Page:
As an American living in Berlin, I’m granted with a lot of luxuries that many others are not. For starters, I have a working US Embassy here, competent policemen and of course, Ben and my friends. But realistically, not everyone has that. And in case of an emergency, depending on where you’re from and the country you’re in, it wouldn’t be rainbows and butterflies when it came informing loved ones overseas, if at all. As a traveler, one of my biggest fears is ending up in a hospital in a foreign country. Without the ability to speak the language, where a universal language is not often used, and medical practices are not one that necessarily jive well, a lot can go wrong. As a soon-to-be parent, the idea of something happening to my teenager and not being informed quicker than what was called for gives me nightmares. As someone with grandparent(s) who can’t necessarily look out for themselves anymore and are filled with too much pride to ask for help, it raises my blood pressure thinking about the call I could one day receive telling me grandma fell, had a heart attack, or something worse and it being all too late.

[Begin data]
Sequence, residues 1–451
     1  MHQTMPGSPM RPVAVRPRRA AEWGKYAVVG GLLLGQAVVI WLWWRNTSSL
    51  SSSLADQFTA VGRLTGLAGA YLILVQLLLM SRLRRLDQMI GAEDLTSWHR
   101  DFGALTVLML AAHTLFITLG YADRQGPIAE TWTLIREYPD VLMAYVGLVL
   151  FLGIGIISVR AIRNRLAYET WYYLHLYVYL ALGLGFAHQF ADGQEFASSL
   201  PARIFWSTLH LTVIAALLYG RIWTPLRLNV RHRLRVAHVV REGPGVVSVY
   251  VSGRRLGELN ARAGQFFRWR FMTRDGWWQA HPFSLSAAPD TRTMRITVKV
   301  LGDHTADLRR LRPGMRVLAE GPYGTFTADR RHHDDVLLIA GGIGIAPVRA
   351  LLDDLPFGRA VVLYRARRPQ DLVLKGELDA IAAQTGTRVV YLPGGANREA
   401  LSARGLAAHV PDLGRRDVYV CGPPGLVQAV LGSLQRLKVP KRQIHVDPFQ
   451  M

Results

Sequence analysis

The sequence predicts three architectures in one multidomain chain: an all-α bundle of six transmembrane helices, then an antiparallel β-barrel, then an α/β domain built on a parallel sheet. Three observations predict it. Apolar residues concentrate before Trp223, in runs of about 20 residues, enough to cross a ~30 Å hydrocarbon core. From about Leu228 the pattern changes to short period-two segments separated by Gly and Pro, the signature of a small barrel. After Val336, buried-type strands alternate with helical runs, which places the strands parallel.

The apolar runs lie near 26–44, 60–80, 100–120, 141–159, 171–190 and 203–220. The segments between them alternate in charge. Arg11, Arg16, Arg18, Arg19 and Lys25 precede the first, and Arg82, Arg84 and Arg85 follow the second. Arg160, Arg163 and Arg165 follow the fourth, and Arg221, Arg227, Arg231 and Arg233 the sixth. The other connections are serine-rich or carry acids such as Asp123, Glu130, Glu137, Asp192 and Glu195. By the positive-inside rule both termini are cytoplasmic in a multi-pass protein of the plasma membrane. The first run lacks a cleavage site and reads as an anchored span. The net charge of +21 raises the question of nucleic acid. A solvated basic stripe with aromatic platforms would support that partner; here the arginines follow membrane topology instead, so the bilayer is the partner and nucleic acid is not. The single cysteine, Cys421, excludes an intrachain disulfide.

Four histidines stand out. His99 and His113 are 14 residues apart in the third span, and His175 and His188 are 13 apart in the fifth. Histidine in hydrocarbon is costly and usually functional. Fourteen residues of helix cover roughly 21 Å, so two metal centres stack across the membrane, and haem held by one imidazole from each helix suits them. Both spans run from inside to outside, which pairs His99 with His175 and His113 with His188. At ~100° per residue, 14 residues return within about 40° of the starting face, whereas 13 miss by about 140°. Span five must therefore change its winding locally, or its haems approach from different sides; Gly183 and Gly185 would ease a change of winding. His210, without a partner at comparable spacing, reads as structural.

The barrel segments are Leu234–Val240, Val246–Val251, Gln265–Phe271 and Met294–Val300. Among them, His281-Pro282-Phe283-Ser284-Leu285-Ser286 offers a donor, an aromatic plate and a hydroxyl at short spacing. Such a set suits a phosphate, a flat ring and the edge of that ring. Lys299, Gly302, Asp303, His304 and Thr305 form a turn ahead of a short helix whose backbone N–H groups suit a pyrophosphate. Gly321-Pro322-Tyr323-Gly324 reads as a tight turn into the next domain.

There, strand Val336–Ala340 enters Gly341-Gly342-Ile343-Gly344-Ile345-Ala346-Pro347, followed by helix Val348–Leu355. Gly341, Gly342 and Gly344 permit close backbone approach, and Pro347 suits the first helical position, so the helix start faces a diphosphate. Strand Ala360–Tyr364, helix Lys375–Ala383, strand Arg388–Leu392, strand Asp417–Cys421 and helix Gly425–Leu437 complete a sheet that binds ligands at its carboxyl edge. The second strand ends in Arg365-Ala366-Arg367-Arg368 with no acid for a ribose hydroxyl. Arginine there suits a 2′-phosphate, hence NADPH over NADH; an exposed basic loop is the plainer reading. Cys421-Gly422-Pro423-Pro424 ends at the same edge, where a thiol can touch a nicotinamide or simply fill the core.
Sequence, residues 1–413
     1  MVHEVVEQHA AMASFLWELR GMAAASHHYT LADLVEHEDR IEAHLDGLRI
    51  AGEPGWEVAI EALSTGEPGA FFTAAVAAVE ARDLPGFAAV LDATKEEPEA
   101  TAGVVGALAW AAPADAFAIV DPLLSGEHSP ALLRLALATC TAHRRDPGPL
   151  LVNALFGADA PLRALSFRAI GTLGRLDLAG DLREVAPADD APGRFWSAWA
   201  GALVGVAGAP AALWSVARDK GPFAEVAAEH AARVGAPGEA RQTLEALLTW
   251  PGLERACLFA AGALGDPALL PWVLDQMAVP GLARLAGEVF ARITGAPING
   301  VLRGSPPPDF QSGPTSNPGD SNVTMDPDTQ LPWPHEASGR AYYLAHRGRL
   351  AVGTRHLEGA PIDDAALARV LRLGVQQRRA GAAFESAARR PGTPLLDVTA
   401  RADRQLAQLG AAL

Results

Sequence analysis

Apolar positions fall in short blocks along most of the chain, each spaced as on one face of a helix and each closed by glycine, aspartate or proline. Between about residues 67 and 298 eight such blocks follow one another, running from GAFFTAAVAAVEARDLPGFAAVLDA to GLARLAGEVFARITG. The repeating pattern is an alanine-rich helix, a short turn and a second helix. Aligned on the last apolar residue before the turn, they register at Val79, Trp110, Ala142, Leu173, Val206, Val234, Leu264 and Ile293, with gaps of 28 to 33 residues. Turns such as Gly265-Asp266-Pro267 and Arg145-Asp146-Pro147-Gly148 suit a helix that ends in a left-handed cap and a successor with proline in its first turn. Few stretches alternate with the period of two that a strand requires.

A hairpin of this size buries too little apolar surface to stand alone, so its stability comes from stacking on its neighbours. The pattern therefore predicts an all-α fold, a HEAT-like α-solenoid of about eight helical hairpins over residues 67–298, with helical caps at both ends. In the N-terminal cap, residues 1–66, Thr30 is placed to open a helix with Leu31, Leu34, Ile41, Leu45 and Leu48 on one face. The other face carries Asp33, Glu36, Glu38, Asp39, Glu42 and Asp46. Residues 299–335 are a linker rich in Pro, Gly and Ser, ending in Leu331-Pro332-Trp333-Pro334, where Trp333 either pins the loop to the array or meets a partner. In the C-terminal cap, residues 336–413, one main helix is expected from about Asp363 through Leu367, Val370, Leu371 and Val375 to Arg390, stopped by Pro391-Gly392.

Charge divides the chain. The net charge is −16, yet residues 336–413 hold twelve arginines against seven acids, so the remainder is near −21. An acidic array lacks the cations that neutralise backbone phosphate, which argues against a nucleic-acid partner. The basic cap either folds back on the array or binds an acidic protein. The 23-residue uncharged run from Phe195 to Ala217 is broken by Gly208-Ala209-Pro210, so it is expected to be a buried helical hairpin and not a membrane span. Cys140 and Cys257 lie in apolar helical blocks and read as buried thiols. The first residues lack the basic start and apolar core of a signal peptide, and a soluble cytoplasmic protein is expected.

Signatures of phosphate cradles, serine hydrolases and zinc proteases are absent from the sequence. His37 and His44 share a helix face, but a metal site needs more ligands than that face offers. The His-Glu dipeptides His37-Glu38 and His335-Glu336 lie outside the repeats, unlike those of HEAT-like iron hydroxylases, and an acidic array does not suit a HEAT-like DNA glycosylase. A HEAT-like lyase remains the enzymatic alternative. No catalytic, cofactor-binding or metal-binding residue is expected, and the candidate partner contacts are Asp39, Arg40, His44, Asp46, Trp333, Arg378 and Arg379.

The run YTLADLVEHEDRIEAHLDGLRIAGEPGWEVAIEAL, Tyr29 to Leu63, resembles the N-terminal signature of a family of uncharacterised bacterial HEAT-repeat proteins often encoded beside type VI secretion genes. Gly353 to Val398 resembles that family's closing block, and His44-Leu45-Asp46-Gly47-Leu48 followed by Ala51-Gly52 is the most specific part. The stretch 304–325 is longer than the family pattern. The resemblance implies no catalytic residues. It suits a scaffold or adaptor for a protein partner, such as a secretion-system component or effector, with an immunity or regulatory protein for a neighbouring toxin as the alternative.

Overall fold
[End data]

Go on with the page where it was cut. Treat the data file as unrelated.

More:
I don’t know about you, but none of those are risks that settle well—especially when they can be avoided.

According to the National Hospital Ambulatory Medical Care Survey: 2011 Emergency Department Summary Tables collected in 2011: In the United States alone, there were 136M emergency department related visits, with 45% (62M) of those being trauma-related. This does not include other countries

*Emergency Room visits by Age (Based on 136M visits in source)

Realistically, there are mild hospital cases that have you out of the hospital within a day or so, and then there are severe ones, and unfortunately the latter happens all too often. And the idea that a delay contacting the loved one(s) of an individual to me is a problem — especially when it comes to life or death situations that require a decision. I think everyone can agree, there’s too much at stake.